30 Nov 2008

Infinite Sequences defined in Edwards & Penney

by Corry Shores
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"An infinite sequence of real numbers is an ordered, unending list

of numbers." The list is ordered, because it has a first term, a1, followed by a second term, a2, a third term a3, and so on. The sequence is unending (infinite) because for every n in the series, the nth term an has a sucessor an+1. Thus an infinite sequence never ends, even though we only represent part of it, and let the elipsis signify its infinite continuation. We might give more concise notations for the above sequence using:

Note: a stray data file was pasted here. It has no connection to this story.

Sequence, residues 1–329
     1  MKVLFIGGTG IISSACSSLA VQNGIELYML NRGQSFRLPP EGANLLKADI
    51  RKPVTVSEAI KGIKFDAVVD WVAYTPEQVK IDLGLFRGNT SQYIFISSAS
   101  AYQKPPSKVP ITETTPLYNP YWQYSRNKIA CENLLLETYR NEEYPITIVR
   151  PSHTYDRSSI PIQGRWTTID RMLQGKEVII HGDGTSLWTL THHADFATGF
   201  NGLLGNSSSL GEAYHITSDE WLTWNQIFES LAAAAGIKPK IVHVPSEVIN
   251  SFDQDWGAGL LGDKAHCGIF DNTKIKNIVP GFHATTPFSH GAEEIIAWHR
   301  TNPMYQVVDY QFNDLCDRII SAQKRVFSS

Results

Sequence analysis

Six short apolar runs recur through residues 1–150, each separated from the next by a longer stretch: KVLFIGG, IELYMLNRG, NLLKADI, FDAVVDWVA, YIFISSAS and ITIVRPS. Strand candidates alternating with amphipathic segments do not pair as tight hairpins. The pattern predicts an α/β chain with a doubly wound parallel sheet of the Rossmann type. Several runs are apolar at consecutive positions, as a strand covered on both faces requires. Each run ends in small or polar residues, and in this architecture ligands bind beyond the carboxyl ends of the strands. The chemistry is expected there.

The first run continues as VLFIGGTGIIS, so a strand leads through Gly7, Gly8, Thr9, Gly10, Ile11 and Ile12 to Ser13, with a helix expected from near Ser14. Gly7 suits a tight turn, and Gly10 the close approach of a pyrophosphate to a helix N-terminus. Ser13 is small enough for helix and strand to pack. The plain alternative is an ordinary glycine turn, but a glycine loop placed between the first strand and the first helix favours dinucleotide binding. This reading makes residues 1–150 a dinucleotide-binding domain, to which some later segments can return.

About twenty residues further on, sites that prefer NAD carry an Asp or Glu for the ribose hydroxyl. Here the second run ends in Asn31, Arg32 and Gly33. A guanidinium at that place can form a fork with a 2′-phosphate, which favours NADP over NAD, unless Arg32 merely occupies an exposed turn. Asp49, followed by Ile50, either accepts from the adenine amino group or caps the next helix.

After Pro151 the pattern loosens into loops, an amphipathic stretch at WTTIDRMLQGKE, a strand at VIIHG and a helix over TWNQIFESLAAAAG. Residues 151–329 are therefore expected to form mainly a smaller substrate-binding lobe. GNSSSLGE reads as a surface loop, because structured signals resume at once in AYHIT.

Often an infinite sequence {an} can be described altogether by a single function f that gives each sucessive term in the sequence as the successive value of that function:

In this case above, the an = f(n) is the formula for the nth term of the sequence.

from Edwards & Penney: Calculus. New Jersey: Prentice Hall, 2002, p.682c.d.

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